• Dhruvi Gohil

Horse backed Golden Eagle Bearers -The Kazakhs

The Kazakhs of today are descended from indigenous Turkic, Mongolic, and Indo-Iranian peoples, as well as Huns, who once inhabited the region between Siberia and the Black Sea. They make up around 4% of the Mongolian population across the country. The Kazakhs inhabit mostly the province of Bayan-lgii, which means 'Rich Cradle.' The Bayan-lgii province is located in Mongolia's far west, separated from Kazakhstan only by a 40-kilometer stretch of Russian and Chinese mountains.

Photo credit- jimmynelson.com

Genghis Khan was known to be an enthusiast of falconry, as seen in cave paintings going back to the Bronze Age. Kazakh eagle hunting was listed on UNESCO's List of Intangible Cultural Legacy of Humanity in 2011 as an example of living human heritage.


The Golden-Eagle and their horses:

The Siberian golden eagle, also known as berkut, is one of the biggest subspecies, with gigantic females with wingspans of 2m and 6cm-long talons utilized for hunting. They may weigh up to 6 kg.

"A Kazakh without a horse is like a bird without wings."

Training golden eagles is a talent that is passed down through the generations in Kazakhs. They start training their eagles from a very young age of around two years and vigorous training is given to them to build up a communication system.


Kazakhs have hunted with trained golden eagles on horseback for over two centuries. Only around 240 Kazakhs are engaged in eagle hunting, which is a talent passed down via semi-nomadic herder families and done in the winter. Another incentive for eagle hunting is a source of identity.

Photo credit-bbc.com

Traditional Yurts:

The nomadic nomads of Mongolia's steppes live in traditional yurts, which are moveable spherical tents covered in skins or felt. Wood or bamboo are used to construct the walls, which are stacked in an angled assembly or latticework. A door frame, ribs, and a wheel are also included in the typical yurt. The roof is usually self-supporting, although bigger yurts may contain inner pillars to support the crown.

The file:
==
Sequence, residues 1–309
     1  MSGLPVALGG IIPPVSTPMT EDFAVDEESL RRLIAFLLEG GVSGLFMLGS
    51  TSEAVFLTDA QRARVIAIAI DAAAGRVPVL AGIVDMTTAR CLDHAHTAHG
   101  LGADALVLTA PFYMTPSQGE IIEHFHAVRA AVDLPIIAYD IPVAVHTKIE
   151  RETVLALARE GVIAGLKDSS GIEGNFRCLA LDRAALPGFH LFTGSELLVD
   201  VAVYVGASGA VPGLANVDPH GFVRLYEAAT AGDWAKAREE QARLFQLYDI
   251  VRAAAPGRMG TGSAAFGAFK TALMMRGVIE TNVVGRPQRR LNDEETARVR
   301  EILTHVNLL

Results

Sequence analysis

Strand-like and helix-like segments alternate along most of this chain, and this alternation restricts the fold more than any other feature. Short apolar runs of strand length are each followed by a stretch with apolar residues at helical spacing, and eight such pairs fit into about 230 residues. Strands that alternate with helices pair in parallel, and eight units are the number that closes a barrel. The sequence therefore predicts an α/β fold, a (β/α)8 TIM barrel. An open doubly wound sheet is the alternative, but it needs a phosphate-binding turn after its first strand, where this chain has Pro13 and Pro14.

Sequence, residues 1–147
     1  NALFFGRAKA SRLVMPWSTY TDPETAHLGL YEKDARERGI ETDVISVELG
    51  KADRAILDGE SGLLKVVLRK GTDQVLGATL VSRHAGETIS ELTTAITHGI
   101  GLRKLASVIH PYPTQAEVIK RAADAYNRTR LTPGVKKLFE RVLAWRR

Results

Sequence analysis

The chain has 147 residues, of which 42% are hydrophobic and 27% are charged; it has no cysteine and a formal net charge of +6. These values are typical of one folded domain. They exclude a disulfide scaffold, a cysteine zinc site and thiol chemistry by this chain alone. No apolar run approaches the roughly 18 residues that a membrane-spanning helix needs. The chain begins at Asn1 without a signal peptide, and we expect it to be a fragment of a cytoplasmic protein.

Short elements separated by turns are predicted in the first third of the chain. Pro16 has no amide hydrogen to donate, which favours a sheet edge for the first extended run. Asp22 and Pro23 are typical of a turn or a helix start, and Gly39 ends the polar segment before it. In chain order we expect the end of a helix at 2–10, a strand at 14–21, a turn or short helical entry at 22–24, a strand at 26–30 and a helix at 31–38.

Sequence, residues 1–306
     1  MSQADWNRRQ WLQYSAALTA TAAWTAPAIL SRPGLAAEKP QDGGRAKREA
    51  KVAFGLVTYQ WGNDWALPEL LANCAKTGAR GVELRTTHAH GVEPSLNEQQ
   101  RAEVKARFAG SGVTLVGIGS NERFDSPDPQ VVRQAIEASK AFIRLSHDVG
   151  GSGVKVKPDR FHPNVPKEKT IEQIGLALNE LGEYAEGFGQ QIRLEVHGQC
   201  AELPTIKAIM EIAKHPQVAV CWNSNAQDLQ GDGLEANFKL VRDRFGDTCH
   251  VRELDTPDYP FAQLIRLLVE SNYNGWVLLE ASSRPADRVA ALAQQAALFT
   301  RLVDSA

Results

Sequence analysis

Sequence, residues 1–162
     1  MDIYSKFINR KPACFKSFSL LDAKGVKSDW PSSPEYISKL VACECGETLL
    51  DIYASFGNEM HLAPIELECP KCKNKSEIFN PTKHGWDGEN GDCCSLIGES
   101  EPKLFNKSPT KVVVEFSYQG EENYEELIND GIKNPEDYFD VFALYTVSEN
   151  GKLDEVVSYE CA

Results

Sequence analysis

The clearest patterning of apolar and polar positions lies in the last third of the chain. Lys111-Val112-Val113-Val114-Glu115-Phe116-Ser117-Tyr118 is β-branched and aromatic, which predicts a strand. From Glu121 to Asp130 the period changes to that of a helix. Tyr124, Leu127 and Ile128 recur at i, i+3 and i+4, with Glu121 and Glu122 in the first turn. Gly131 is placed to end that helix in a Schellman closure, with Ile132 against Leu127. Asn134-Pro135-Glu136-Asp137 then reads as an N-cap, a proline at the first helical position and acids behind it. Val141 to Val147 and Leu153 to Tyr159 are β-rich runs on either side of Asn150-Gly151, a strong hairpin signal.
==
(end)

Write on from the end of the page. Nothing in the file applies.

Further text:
Photo credit-weproject.media

Food, Dressing, and Beliefs of the Kazakhs:

The majority of Kazakhs in this isolated, mountainous region rely on domestic animals for their survival. Rabbits, marmots, foxes, and even wolves are among the species hunted for their fur over the highlands and steppes. This fur is an important feature of the Kazakh traditional dress. Eagle hunters wear boots, black jackets, and 'loovuuz' fox fur caps.


To stave off evil, the Kazakh adorn themselves with beads and talismans. Shamanic ideas are still frequently held among Kazakhs. In the eighth century, Islam was introduced to the Kazakhs' forefathers. The majority of Kazakhs are Sunni Muslims. They frequently continue to believe in pre-Islamic sky, ancestor, and fire cults, as well as supernatural entities such as good and evil spirits, giants, and wood goblins.

Photo credit-macleans.ca

The Eagle-hunting festival:

The festival is held in September, October, and March, shortly before or after the winter hunting season, there is rarely any actual hunting. Instead, the hunter contests will highlight traditional falconry abilities and underscore the need for communication between the hunter and the eagle in a good working relationship.


Until next time, stay safe and stay happy.


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